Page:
Have you ever had the need or the requirement to create a graphical diagram of the building blocks of your extension? Personally, a lot of time.
I think that explaining an overall solution architecture with a diagram is something that sometimes can help a lot. I personally use diagrams or UML notations a lot during the architectural phase of a software solution or a cloud solution (that involves different entities).
What about AL extensions?
To generate dependencies diagrams for AL extensions I’ve personally used in the past the nice GraphViz feature in the CRS extension (described by Waldo here). But I’ve always checked for something more…
If you’re an heavy Visual Studio user (I’m one of this strange people) I think you know that Visual Studio can create a dependency diagram of your solutions (Code Maps) by using the standard DGML format.
Directed Graph Markup Language (DGML) describes information used for visualization and to perform complexity analysis, and it’s the format used to persist code maps in Visual Studio. It uses simple XML to describe both cyclical and acyclic directed graphs. A directed graph is a set of nodes that are connected by links, or edges. Nodes and links can be used represent network structures, such as elements in a software project.
Why not having the chance to create a dependency graph of an AL extension by using the same format, and then using Visual Studio for analysis?
One year ago, I had the news that the Microsoft’s AL compiler team was working on supporting this feature (cool!) and I’ve started checking the AL compiler executable on quite every release for new “hidden features”. And it’s with the 7.x version of the AL Language extension that silently something is appeared to satisfy my needs 🙂
If you execute alc.exe /?, this is now the output:
As you can see, there’s something interesting here: a /generatecrossreferences parameter, that permits you to generate cross-reference information files. Interesting (a DGML file is basically a file that contains all code cross references)… but unfortunately, at the moment there’s no documentation on this.
To explain this hidden feature of the AL compiler, let’s consider the extension example that is present at the beginning of my “Mastering Dynamics 365 Business Central” book. This sample shows different things and tricks/patterns for creating AL extensions. The example creates a base extension (here called D365BCDemoExtension) and then creates a dependent extension (here called D365BCDemoDependencyExtension).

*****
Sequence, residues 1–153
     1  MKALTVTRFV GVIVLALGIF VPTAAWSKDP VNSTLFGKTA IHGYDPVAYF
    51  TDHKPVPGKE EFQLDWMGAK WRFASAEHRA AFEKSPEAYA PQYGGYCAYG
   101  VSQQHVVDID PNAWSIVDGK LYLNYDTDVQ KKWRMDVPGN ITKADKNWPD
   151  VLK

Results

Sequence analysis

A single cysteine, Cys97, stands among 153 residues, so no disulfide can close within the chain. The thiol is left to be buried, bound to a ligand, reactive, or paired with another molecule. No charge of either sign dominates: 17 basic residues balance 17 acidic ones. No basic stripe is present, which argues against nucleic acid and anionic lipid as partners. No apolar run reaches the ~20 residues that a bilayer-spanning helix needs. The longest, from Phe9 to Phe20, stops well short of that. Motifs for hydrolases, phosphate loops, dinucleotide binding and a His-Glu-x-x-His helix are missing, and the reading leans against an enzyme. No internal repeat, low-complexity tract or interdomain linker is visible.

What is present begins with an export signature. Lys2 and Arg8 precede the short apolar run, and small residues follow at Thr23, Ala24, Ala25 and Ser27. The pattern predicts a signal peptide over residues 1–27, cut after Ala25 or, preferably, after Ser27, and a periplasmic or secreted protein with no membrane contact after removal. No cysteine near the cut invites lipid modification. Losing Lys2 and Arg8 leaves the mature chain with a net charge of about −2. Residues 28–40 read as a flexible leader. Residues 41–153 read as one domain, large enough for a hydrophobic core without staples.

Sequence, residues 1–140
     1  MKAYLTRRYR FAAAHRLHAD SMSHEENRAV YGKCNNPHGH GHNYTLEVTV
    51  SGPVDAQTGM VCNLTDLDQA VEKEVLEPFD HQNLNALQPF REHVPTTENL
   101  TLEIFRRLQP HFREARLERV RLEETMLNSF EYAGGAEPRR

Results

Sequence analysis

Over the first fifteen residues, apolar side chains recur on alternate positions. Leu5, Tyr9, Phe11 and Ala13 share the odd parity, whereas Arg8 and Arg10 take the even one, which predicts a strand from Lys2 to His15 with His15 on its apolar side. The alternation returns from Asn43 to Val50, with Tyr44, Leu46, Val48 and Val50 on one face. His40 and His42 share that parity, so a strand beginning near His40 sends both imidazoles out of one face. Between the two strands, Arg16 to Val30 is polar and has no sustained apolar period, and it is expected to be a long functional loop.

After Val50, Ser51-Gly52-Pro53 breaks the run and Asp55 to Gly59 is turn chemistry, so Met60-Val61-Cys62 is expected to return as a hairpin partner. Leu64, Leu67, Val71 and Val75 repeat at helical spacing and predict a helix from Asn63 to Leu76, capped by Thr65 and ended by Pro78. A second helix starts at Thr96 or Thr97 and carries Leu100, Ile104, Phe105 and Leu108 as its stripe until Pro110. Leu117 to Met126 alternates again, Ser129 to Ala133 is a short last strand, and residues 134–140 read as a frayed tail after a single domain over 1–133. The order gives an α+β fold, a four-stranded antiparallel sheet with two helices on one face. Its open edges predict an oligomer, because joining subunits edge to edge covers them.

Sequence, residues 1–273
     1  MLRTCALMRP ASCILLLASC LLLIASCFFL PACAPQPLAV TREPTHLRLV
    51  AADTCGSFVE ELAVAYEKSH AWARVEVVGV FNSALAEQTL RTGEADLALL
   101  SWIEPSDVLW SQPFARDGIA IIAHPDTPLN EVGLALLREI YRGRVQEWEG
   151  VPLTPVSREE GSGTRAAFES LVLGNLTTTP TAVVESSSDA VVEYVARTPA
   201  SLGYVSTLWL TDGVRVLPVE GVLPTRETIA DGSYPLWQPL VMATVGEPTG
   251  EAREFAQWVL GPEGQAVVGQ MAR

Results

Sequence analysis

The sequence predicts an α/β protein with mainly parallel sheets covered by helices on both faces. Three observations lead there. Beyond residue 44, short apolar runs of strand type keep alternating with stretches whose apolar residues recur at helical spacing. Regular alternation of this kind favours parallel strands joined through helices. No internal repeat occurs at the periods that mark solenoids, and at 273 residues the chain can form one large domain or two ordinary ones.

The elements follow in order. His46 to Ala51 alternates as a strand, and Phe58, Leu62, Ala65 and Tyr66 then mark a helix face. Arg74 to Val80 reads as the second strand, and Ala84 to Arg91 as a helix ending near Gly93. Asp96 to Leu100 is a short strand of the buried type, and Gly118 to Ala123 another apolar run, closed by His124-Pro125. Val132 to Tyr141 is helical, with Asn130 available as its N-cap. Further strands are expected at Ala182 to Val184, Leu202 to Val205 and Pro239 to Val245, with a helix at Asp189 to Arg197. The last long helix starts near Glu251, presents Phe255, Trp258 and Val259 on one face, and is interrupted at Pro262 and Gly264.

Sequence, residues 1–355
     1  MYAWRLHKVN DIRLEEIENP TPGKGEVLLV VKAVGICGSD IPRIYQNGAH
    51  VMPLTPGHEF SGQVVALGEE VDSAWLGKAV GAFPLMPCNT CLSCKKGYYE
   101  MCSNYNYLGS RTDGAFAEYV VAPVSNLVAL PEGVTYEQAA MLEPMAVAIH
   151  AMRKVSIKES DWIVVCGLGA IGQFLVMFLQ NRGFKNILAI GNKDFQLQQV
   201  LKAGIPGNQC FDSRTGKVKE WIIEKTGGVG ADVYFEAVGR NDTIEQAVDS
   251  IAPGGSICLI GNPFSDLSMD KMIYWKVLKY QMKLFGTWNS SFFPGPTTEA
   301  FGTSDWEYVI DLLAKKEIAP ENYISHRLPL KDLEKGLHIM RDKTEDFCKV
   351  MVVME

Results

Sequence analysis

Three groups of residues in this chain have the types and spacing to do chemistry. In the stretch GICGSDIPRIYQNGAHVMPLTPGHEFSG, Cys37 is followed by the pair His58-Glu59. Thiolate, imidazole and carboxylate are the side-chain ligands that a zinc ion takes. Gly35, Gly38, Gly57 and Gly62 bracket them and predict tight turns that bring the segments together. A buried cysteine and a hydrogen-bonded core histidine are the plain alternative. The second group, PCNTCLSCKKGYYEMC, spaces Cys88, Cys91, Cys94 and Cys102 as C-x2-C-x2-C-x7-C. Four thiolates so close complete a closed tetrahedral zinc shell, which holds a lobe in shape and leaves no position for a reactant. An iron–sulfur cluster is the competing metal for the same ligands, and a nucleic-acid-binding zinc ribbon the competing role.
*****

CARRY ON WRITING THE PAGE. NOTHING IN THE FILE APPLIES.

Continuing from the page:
What happens if I want to have a dependency diagram of this dependent extension (here called D365BCDemoDependencyExtension)?
You can execute the following command:
alc.exe /project:PATH_OF_YOUR_PROJECT /packagecachepath:PATH_OF_YOUR_PACKAGES /generatecrossreferences
to generate a diagram of object dependencies in your apps.
To show this is action, I’m launching the following command from the Windows Command Prompt:
alc.exe /project:"C:\Users\StefanoDemiliani\Demo\D365BCDependentExtension" /packagecachepath:"C:\Users\StefanoDemiliani\Demo\D365BCDependentExtension.alpackages" /generatecrossreferences
and this is the magic output:
I have two new files created, and one is a DGML file… WOW!
Let’s open the DGML file with Visual Studio:
Wow… there’s a diagram of our extension with all the dependencies!
P.S. If you see only an XML file, you need to install the DGML Editor first (Tools –> Get tools and features –> Individual Component –> search for “DGML Editor”).
What’s really cool about that? It’s a DGML file, so you can inspect and navigate it. I can click for example on my D365BCDemoDependencyExtension and see the dependencies between objects declared in this extension:
You can explode every object of your application and see the dependencies of other objects on different apps simply by selecting the object that you want to inspect:
Very powerful, isn’it?
In this way you can create detailed diagrams of your extensions in order to better analyze your solutions. If you click on an object, you can immediatly discover the impact that this object has on other objects on your solution.
You can use this feature on every AL solution you have. If you have a complex solution (with tons of objects and links between objects), Visual Studio can have difficulties on opening your DGML file (it can take times due to the nodes and links numbers).
If you want something more on your Visual Studio to work with DGML files (expecially for large files), I recommend to install the DgmlPowerTools extension:
This extension adds some commands to the DGML viewer bar of your Visual Studio. For example, the Neighborhood mode allows you to filter the graph to show only a specified number of degrees of freedom away from the selected node, the Butterfly mode removes cycles in the graph so that you see only the tree of incoming and outgoing dependencies around the selected node, you can compare DGML graphs, you can aspply filters on the graph and make auto-grouping and more.
Visual Studio is my recommended tool for working with DGML files. If you want to use Visual Studio Code, just remember that there are some third-party extensions that work with DGML files but honestly I’ve not found them so reliable (DGMLViewer extension for example throws errors).
This AL language feature is actually undocumented, so expect to see more in the future (like the integration with the VS Code command palette). For the moment, if you need a solution diagram you have a great hidden tool at your fingertips… 😉